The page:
“Am I doomed, Dexter? Cursed by the voice of the man I killed.”

Hickey didn’t wait for an answer. He released his hold and stood, shambling into the morning sun.

Dexter gave the firewater glass a wipe, and returned it to its shelf.


Windows rattled as the dust storm outside hurled fistfuls of pebbles at the streets of Somerset.

Howard Spicer pushed hair matted with dust away from his eyes. A smear of ochre marked where his hands had moved across his perspiring face

The Vanguards had fallen on hard times since their leader died in an Arachnid ambush. Jake had been well-liked and respected, but most of all he had fine instincts. He knew which missions to take and which would find pirates lying in wait. He knew when to scout and when the solar winds would flare up making a scout a suicide mission . He never ran into trouble on the road. 

Which made his death all the more shocking. 

Some of the Vanguards muttered that it was an inside job. That someone had betrayed him. Howard still hadn’t figured out if Jake had died through betrayal or sheer dumb luck, but he hated the distrust it engendered. The Vanguards were a fractured gang – his gang now, after his unexpected promotion to fulfil his brother’s role – and the whispers and rumours of a traitor in the crew were invidious and destructive.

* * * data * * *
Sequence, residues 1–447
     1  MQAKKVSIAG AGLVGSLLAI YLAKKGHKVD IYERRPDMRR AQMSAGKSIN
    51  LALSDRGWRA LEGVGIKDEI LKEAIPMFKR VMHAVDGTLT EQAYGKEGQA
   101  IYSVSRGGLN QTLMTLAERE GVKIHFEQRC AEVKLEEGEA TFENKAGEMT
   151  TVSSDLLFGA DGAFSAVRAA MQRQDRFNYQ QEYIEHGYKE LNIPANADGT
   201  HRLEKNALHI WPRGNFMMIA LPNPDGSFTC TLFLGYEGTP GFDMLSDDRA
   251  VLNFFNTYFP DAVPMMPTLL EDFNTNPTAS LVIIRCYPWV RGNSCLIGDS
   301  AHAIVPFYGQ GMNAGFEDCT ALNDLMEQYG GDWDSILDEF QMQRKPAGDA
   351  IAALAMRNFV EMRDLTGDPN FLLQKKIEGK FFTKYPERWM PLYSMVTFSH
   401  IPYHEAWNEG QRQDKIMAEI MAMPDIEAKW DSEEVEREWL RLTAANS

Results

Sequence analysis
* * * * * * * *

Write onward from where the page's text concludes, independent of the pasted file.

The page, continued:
To make things worse, the gang’s finances were in a parlous state. A couple of scouts gone wrong (the old hands muttering about how Jake would never have made such easy mistakes), and worst of all, the death of Carlos “Cojones” Henderson. Cojones was an old-timer. Twenty-eight years old in a career where living past twenty was an achievement, Carlos had accepted Howard as the leader, giving his authority a much needed boost. And then, on the most recent trip, his Chomper had been turned by a gang of pirates within sight of Somerset’s palisade fence. Cojones didn’t surrender. Hanging from his harness he pumped round after round into Satan’s Sisters, making two of the pirates turn tail and flee. He didn’t stop fighting until a lethal shard of shrapnel sliced through his brain. The Vanguards lost two cars that day, but most of all, they’d lost lynchpin of the gang. Howard worried that the gang may never recover.

The door burst open and Robert Hickey stormed in. He slammed the door against the raging winds. “Hey, boss.” Howard smiled. Robert had been the first to call him that, and had never stopped. It was good that someone thought he deserved the title. “I think I’ve found the solution to all your problems.” Howard became on guard. He knew the young mechanic was optimistic and open, but he also had delusions of grandeur for the Vanguards.”Go on.” he said cautiously.

“Holy Rollers are desperate. They’ve got a shipment of food to Gateway, and the penalty clause is a bitch. If they don’t deliver it in 48 hours, they get nothing. Zip. Zilch. Nada. And here’s the kicker.” Robert reached out to grab a chair. “Even if they don’t get paid, they’ve still got to deliver the goods.”

He swung the chair round and sat down, legs either side and arms folded on the wooden backrest. His boyish face broke into a round smile.

“And why this so good for us?”